A further complication with either of these alternatives would arise in the handling of a call placed by a prepaid mobile caller to a mobile Call Party Pays subscriber set. Prepaid phone calling charge cards for pre-established amounts are commonly available for purchase at various retail vendors. A mobile phone subscriber can purchase a set amount of credit in advance of actual usage. The purchaser would then register with the system by calling in from the mobile phone to which the credit is to be applied. After successful registration, the system automatically applies calling charges for subsequent usage of the phone against the registered credit on a real time basis. As the balance decrements to established thresholds by real time call rating, announcements are transmitted informing the user that the credit limit is being approached. Any call still in progress when the total prepaid amount has been used is automatically terminated. The initiation of a prepaid mobile call to a Calling Party Pays mobile destination poses a challenge in tracking air-time charges in real time for both calling and called party usage, which often are determined at different rates, and appropriately allocating all charges to the calling party.
The present invention fulfills the aforementioned needs. An advantage of the present invention is that calling party pays (hereinafter CPP) billing treatment can be applied to a call from a wireless subscriber station to a wireless subscriber station, even if the calling station subscribes to a provider other than the provider of the called station.
A further advantage of the present invention is that various landline billing facilities are made available for calling party pays calls from mobile callers, while avoiding the need to access a land line database for non-calling party pays mobile calls. Such advantage can be achieved without providing a redundant database in the wireless telephone network.
Yet another advantage of the present invention is that calling party pays billing treatment can be applied to a call from a prepaid wireless subscriber station to a wireless subscriber station. The air-time charges for both the calling and called subscribers can be rated on a real time basis and charged against the prepaid credit of the calling party.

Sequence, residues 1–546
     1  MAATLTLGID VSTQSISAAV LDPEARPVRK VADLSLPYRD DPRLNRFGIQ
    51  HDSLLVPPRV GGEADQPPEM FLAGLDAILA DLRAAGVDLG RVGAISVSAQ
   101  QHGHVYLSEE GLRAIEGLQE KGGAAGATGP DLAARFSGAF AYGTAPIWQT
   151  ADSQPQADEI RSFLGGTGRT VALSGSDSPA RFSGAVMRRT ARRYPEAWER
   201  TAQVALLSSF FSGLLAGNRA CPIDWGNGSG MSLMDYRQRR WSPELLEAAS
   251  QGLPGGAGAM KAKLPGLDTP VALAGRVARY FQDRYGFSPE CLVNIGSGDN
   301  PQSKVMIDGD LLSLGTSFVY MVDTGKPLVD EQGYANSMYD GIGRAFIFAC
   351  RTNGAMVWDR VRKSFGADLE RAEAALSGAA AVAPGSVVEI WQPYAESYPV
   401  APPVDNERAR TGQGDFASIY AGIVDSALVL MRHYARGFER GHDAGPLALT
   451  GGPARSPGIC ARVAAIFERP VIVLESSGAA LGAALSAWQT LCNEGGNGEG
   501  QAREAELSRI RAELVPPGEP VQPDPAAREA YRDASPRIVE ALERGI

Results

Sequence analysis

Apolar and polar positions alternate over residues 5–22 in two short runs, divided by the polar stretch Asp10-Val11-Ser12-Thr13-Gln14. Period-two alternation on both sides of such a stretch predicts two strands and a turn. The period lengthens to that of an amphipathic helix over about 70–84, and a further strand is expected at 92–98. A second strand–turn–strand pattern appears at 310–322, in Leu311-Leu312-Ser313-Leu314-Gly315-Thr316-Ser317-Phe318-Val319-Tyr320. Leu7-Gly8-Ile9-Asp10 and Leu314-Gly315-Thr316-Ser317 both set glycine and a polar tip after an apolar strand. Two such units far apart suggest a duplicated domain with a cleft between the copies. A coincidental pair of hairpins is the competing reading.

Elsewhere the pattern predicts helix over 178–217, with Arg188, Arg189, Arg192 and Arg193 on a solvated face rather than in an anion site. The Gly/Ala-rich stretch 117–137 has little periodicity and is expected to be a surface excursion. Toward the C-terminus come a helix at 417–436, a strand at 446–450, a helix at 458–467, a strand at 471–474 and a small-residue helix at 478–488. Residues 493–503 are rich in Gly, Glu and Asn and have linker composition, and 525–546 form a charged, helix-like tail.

These and other advantages are satisfied, at least in part, by linking landline facilities to a wireless mobile network for calling party pays calls between wireless subscriber units. The wireless mobile network is provided with the ability to recognize that a called wireless station is a calling party pays subscriber. Upon such recognition at the outset of a call, the wireless mobile network will route the call to a landline facility to undertake interactive communication with the calling station to determine whether the caller will agree to pay for both the called party's air-time charges and the calling party's air-time charges for the call. Caller authorization may be obtained, for example, by voice communication or by DTMF entry. The landline facility can then access a database to determine if the carrier with which it is associated can provide billing functions with respect to the calling subscriber and, if so, activate such functions for a carrier entity so identified. If the carrier cannot handle billing for the call, the call may then be routed to a clearinghouse facility, which either can itself handle the billing functions, if such an arrangement with the calling party has been previously established, or communicate with the caller to authorize billing charges to a credit card. The clearinghouse facility or an alternative processor platform can rate the call charges that will be applied to the credit card bill. The call can then be completed to the called station through the wireless communication network while rating of air-time charges for both calling and called parties takes place.